Dating The Sugar Season
“The Sugar Season”
Yes, we are currently in the throws of what I like to call “The Sugar Season”. It begins somewhere around early to mid-October when the Halloween candy hits the store shelves, and it does not end until around January 1, when the New Year’s Resolutions are in high resolve. This is when the dental office gets a plethora of phone calls about crowns coming off. (“I was only eating a “Bit-O-Honey”. Have to appreciate the honesty!) It’s also when the phone calls come in about fillings breaking and toothaches. It’s sugar! Ugh! Horrible addictive stuff!
We all have a sweet tooth.
Sweetness is one of the sensory responses our taste buds have to tell us the sweet food is “safe” to eat. But is it? The problem is that sweetness is placed in ALL of our processed foods, primarily in the form of high fructose corn syrup. With everything being sweetened (from ketchup to salad dressings to even bread), our taste buds have become acclimated to believe that sweetened is not sweet enough. So we eat our dessert after eating our sweetened meal. The result…a constant sugar assault on the teeth, the pancreas, the cardiovascular system, and every organ in the body.
When we feel the need for something sweet, why not reach for something that will satisfy that craving, as well as offer some nutritional support for the body without the sugar assault that can result in cardiovascular disease and diabetes? I’m talking about one of my favorite foods–the date.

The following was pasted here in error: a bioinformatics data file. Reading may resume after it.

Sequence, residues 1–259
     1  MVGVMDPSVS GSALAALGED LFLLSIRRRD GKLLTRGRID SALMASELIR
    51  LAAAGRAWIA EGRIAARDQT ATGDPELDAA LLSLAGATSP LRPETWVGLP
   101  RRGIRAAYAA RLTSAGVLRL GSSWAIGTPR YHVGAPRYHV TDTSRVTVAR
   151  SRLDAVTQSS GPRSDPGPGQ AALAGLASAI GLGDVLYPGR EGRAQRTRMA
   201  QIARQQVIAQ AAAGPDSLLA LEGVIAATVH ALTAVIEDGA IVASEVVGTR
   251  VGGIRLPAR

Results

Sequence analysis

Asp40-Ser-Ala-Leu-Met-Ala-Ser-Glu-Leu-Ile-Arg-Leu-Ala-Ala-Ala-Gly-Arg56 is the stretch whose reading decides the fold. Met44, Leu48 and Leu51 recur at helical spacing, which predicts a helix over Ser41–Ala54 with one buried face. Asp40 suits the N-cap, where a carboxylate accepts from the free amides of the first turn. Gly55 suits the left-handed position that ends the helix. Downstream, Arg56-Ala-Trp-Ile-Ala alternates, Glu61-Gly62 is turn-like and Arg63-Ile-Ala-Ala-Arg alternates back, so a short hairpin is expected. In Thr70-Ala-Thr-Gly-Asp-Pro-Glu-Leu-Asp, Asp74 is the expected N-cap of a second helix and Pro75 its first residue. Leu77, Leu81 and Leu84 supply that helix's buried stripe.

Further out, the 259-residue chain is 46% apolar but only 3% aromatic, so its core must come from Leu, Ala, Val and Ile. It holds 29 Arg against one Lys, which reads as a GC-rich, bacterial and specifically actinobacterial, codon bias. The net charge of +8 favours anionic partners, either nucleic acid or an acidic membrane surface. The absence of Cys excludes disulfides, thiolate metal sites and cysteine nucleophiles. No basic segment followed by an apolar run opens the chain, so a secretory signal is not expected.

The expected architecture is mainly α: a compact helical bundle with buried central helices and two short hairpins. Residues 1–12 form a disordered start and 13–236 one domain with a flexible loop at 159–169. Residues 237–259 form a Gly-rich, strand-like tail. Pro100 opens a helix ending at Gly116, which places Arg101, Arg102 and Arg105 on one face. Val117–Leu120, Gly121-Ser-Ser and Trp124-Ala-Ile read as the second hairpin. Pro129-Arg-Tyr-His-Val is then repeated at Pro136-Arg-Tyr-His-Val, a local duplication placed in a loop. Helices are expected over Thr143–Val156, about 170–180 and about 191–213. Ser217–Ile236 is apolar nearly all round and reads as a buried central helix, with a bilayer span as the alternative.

Dates grow on the date palm tree in the Middle East, and in the United States in California, Arizona, and Texas. Dates do contain sugar in the form of glucose or fructose, which is why they taste so sweet. However, along with that sweetness comes a punch of nutrition that sugar alone cannot provide. Dates have 8 grams of fiber in every 3 ½ ounces. Dates are full of B vitamins: Vitamin B6, riboflavin, thiamine, and pantothenic acid. Dates contain the minerals copper, potassium, manganese, magnesium, iron and phosphorus. Dates also contain the trace minerals zinc and selenium. For each ounce, dates provide 64% more potassium than bananas (Murray, 2005).
Although dates do contain glucose or fructose, with the soluble fiber dates also contain, the body’s absorption of that glucose is delayed in the small intestine. This helps in preventing the fluctuations in blood sugar levels seen when eating sugar or high fructose corn syrup. This same soluble fiber absorbs water, and therefore adds softness to stools, easing both stool movement through the colon and elimination (Murray, 2005). In addition, dates also contain antioxidant compounds that protect against free radical damage.
With all the great nutrition packed into a single date, it’s a no-brainer to feed my sweet tooth a date rather than a sugar-laden sweet. Dates can be substituted in many recipes for the sugar. A substitution that will surprise the biggest skeptic is to use dates in place of caramel. They are amazing with apples! And when a sweet craving strikes, nothing is better than a date dipped in almond butter.
Save your teeth, Save your pancreas. Save your cardiovascular system. Break up with sugar. Grab a date!